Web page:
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Re: (TFT) Appropriate use of copyrighted material

At 09:05 PM 12/28/98 -0500, you wrote:

>That's a good question. Let me add another one along the same lines. Say
>you took an 'encounter table' created for a game - maybe the AD&D one from
>the Dungeon Master's Guide. Say you wrote a computer program that used that
>table to 'roll' encounters.

...gee, sort of like TableMaster? 8-) You've got an example that I'm
extremely familiar with. I *do* write computer programs that roll things up
on tables -- and I use a lot of published material as source material. And
I'm not fond of being sued by anyone, especially WoTSRC.

>Would that be a copyright violation? I think it
>probably would. 

Yes, it would. No question about it. You're taking the exact text, or a
very slightly modified form, of a copyrighted work and adapting it to
another form. Classic definition of "derivative work".

>BUT what if you combined several other encounter tables. Then would it
>simply be research material for your program? What if you then changed the
>states to be say - TFT instead of D&D. 

That's where it gets tricky.

Encounter tables aren't a great example here; they're basically just a
random selection from a list of items. The only way of distinguishing one
from another is just what items are listed, and in what order, so if you
merge several, and there is no other IP issue involved (i.e., including
proprietary critters), you have a new encounter table.

A better example is the AD&D gem value table, which uses a rather odd
method for determining the final price of a random gem. Now, remember the
part about how the method of playing a game -- i.e., the rules -- can't be
copyrighted (though it can be patented). So what TSR has the rights to is
the exact representation of that table, or anything which is a conversion
of that table into another medium.

This one hits close to home, because the TableMaster gems table *is* based
on the AD&D one. It was one of the first tables I wrote for TM, and in the
five years or so since it was created, I always seem to have something more
important to do than rewrite its guts to something which is a) better than
TSR's system, and b) less convoluted than that very, very ancient TBL code.
(i.e., just about anything else) The critical thing is that all I took from
the AD&D table is what dice rolls make the gem value go up, or down, or
remain the same, and in what general range. All the rest of the table --
the actual gem values, the listings of gem names, etc. -- is different, and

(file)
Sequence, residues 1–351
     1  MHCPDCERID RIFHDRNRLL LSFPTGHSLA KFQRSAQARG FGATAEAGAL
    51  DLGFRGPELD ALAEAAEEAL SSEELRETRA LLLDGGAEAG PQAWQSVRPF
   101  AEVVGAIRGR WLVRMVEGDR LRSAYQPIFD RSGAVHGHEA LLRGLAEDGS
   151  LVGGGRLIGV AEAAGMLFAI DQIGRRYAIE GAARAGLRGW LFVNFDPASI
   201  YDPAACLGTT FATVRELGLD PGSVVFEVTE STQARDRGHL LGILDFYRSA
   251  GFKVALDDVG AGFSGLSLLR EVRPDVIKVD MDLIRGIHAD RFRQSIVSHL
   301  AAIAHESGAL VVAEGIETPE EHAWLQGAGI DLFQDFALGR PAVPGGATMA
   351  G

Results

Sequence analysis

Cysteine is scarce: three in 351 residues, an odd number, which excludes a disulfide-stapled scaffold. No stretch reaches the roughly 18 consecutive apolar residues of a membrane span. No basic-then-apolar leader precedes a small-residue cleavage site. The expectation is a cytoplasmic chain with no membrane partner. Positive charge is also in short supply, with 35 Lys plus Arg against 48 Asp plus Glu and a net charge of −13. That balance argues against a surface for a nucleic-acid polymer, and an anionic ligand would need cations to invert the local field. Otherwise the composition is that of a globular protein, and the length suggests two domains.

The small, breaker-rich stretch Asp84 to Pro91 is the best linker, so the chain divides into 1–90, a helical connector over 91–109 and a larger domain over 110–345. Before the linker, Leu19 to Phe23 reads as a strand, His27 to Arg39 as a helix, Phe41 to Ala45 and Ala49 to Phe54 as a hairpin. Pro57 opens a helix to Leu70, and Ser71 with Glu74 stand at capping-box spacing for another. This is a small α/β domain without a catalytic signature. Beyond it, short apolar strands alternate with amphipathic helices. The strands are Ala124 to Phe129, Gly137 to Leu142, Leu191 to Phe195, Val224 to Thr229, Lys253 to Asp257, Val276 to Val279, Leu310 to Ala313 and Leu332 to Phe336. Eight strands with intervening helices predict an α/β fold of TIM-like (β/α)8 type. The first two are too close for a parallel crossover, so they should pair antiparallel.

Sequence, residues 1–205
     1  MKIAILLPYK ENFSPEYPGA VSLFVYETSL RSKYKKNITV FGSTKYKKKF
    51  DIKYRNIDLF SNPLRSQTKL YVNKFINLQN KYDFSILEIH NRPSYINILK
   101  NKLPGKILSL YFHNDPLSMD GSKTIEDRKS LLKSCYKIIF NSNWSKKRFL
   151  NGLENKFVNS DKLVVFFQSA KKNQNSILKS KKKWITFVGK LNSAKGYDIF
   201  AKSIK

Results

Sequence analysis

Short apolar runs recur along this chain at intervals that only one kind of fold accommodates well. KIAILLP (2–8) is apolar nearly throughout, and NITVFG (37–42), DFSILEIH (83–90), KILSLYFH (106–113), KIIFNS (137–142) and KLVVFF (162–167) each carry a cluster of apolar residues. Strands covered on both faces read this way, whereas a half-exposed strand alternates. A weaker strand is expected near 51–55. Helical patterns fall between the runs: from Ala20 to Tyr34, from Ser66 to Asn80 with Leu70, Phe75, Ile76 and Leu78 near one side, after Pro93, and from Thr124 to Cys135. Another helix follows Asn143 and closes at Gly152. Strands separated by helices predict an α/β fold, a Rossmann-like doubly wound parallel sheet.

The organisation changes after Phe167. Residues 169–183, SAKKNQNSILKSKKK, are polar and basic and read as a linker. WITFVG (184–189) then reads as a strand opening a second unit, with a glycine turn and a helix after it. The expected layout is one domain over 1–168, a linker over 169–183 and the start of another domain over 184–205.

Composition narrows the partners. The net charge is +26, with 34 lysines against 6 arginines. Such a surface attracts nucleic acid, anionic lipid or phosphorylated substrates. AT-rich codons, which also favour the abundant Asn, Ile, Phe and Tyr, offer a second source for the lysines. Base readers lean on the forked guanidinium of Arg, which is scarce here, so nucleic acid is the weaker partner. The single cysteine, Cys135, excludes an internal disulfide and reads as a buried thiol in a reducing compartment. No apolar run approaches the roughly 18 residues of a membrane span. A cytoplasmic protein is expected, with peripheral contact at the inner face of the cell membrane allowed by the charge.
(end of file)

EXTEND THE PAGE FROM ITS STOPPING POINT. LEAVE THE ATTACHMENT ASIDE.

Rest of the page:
there's a lot of the system itself, such as the gem condition variations
(flawed, etc.) are 100% original.

Now, the reason this gem table is so critical is that TableMaster was first
released -- with the gem table -- back when TSR was anal beyond words about
anything that they thought might possibly be some remote infringement on
their copyrights. Posting one's own characters on one's website, for
instance -- or, worse yet, playing AD&D by email! At one point Rob Repp
threatened me, told me I had to pull TableMaster off the market because it
*could* be used to violate TSR's copyrights. My answer, by the way, was "Go
ahead and sue me. I'll be waiting on line behind Xerox, Microsoft, and the
Ticonderoga Pencil Company, all of whose stuff is involved in a lot more
infringements of your copyrights than mine." When all of this was going on,
TSR requested an "evaluation copy" of TableMaster. I don't know exactly
what they did with it, but given their behavior at the time, I would guess
that they took it apart, table by table and line by line, looking for
actionable infringements. Gem table and all. Never said another word to me.
Fired Rob Repp, though. 8-)

So, my general rule of thumb is if I use the *algorithm* from an existing
table (i.e., the gem table) with my own data, or part of the *data* from a
table (i.e., an encounter table) in my own arrangement and with my own
algorithm, I'm most likely in the clear. The fact that there are only a
limited number of ways to write up, say, an encounter table, and most
likely only one best way, is in my favor; that principle has been tested in
court with things like the phone book lawsuits.

Thing is, writing tables is so easy, and source material is so common --
fundamentally, a matter of compiling lists of just about anything, such as
arctic animals, elements of Chinese restaurant names, or types of gems --
that there's really no need to copy anything wholesale. I treat a published